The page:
Corporations don’t have ‘personal privacy’ rights, Supreme Court rules

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Corporations do not have a right to “personal privacy,” the Supreme Court ruled unanimously, at least when it comes to the Freedom of Information Act and the release of documents held by the government.

Last year’s ruling giving companies a free-speech right to spend money on campaign ads prompted liberal critics to say the court’s conservatives were biased in favor of corporate rights.

While not alluding to the criticism, Chief Justice John G. Roberts Jr. took a scalpel to a corporate-rights claim from AT&T Inc. that its “personal privacy” deserves to be protected. The ordinary meaning of “personal” does not refer to an impersonal company, he said.


“We do not usually speak of personal characteristics, personal effects, personal correspondence, personal influence or personal tragedy as referring to corporations or other artificial entities,” he wrote. “In fact, we often use the word ‘personal’ to mean precisely the opposite of business-related: We speak of personal expenses and business expenses, personal life and work life, personal opinion and a company’s view.”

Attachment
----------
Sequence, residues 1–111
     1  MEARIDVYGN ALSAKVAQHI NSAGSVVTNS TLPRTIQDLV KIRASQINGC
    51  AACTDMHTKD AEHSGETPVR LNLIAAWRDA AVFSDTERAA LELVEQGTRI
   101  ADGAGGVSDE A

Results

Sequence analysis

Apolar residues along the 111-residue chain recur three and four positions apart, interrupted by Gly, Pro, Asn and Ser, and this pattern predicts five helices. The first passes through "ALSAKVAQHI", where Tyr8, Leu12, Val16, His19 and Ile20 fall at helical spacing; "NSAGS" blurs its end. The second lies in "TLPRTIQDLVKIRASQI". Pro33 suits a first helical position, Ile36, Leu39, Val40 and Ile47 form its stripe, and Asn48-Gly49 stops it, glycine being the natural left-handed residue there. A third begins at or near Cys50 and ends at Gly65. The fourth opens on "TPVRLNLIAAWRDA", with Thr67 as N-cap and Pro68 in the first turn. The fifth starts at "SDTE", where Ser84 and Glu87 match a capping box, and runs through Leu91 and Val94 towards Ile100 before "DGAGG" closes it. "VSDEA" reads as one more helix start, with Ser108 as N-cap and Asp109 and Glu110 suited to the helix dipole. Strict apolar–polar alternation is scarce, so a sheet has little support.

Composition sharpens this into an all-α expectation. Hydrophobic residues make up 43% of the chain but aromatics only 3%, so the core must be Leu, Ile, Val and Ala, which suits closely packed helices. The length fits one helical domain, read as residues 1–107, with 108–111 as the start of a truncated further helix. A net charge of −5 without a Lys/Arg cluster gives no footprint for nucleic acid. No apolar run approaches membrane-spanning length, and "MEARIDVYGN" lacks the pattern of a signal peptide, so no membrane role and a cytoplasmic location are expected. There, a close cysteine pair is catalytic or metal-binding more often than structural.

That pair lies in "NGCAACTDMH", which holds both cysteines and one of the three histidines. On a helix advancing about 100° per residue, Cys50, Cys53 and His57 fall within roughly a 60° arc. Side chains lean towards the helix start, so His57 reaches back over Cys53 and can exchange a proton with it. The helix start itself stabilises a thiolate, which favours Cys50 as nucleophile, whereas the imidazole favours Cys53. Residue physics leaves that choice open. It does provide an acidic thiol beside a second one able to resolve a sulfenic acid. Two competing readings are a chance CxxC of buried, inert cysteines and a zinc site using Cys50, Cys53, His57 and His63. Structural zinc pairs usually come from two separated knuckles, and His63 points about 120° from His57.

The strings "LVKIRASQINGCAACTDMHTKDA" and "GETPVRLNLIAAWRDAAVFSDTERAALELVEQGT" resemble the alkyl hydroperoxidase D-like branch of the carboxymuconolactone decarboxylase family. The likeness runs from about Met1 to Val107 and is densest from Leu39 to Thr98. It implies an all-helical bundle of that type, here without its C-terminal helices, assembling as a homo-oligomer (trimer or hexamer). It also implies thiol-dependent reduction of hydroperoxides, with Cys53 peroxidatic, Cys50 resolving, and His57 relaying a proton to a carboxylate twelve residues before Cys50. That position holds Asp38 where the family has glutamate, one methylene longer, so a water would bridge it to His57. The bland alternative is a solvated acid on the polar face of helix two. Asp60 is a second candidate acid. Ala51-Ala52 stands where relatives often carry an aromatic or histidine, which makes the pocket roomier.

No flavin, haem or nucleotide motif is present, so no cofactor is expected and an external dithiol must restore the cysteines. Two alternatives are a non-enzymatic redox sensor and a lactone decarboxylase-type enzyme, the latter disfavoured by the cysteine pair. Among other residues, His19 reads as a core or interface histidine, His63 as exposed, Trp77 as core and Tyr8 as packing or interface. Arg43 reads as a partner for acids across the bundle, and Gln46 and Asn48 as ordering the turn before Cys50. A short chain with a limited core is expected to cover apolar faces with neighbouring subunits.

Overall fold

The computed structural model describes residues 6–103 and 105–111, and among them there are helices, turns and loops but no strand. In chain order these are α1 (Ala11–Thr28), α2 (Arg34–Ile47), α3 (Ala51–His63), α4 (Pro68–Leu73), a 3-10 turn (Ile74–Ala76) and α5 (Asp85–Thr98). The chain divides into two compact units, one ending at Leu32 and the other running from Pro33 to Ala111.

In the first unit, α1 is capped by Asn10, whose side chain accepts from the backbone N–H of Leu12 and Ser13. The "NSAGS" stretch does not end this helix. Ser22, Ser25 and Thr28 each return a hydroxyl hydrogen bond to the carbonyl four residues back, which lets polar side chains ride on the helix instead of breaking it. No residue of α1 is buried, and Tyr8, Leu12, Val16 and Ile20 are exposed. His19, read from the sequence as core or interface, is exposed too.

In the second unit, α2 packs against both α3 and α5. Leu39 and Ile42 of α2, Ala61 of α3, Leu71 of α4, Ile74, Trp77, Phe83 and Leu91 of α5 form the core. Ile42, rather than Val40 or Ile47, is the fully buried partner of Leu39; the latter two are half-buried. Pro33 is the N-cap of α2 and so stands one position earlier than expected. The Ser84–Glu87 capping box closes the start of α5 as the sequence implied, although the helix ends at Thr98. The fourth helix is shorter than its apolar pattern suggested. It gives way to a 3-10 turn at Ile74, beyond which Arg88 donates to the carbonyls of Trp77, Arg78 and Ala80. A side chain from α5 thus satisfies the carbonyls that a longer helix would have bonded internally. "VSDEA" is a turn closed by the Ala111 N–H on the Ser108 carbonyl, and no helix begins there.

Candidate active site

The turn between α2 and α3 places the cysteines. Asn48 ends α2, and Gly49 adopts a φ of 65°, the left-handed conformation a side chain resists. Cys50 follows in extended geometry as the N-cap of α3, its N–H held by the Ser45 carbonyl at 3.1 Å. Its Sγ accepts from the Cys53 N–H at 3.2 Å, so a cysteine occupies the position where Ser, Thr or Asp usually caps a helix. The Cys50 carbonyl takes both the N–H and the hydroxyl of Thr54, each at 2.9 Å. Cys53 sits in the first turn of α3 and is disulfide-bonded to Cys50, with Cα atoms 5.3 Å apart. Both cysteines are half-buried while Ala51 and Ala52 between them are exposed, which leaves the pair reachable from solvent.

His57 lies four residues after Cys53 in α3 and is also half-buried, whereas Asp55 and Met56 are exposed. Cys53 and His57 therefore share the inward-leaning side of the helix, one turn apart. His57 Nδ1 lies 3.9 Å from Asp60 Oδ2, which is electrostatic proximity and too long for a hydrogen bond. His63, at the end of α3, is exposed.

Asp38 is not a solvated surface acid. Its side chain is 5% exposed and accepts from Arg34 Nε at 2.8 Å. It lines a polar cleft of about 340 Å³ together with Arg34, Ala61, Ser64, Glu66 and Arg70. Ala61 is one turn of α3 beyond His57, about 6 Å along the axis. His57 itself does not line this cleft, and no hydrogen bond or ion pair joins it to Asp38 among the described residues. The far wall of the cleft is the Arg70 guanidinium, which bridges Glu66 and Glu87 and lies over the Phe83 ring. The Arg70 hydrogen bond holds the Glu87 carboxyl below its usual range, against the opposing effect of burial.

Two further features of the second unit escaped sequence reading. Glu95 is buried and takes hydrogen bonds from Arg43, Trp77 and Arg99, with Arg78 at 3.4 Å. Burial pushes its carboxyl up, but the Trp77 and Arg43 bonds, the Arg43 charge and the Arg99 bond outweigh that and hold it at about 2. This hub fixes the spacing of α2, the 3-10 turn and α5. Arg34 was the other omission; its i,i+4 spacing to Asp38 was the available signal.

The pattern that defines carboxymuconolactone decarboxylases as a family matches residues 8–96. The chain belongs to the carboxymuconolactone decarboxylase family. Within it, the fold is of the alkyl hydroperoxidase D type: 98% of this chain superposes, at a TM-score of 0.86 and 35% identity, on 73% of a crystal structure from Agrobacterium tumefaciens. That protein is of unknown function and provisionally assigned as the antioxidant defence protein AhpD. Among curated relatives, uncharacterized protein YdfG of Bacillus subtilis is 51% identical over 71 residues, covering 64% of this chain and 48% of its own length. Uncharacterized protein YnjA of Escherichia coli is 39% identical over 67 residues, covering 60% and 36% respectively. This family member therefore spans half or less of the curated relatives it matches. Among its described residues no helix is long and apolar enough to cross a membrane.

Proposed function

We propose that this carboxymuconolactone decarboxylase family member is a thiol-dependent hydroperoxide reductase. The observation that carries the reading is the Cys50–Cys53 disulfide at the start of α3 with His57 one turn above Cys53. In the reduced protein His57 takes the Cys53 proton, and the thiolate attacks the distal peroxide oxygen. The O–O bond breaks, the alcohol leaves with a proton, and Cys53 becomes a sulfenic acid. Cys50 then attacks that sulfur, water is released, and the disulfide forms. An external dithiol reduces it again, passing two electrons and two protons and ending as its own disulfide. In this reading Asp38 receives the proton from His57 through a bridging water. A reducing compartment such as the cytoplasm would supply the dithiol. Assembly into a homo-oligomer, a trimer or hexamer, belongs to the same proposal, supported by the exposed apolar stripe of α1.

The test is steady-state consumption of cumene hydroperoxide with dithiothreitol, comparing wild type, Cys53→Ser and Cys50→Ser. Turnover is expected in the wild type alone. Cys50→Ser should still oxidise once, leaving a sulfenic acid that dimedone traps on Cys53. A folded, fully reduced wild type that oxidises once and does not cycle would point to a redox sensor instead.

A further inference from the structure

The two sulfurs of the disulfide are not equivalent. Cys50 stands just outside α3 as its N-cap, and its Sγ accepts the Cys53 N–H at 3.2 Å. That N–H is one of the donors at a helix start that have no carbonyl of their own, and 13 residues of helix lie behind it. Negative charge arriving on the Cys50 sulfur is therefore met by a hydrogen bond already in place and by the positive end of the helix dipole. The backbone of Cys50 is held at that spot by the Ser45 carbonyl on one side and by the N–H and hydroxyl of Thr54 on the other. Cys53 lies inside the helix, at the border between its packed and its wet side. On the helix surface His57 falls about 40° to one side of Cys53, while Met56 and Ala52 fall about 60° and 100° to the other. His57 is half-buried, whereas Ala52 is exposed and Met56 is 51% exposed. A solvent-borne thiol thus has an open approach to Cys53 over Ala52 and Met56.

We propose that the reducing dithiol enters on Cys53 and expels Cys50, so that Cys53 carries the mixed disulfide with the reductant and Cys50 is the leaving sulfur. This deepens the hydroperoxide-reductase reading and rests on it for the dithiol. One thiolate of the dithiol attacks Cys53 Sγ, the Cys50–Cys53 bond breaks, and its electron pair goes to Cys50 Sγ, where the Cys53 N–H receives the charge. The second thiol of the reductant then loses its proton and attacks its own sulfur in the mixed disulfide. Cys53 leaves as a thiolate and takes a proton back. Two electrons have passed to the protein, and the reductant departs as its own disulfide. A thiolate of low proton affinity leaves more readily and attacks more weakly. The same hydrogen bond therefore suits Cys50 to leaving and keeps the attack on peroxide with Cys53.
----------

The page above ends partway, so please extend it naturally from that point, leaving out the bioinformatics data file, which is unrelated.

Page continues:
The decision means the Federal Communications Commission may release documents that were compiled during an investigation in 2004 over whether AT&T had overcharged schools and libraries for use of the Internet. The company paid a $500,000 settlement.

When some of its competitors sought release of the documents through the Freedom of Information Act, AT&T objected. It cited an exception in the law that shields law enforcement records which might result in an “unwarranted invasion of personal privacy.”

AT&T won a ruling based on that provision from the U.S. 3rd Circuit Court of Appeals in Philadelphia. Its judges noted one part of the law defines “person” to include not just an individual but also a “partnership, association or corporation.”

Then U.S. Solicitor Gen. Elena Kagan appealed the issue to the Supreme Court. She said the Freedom of Information Act had never been interpreted to protect the “personal privacy” of companies.

All the justices agreed in FCC v. AT&T, with the exception of Kagan, who did not participate. “We trust that AT&T will not take it personally,” Roberts said in a parting comment.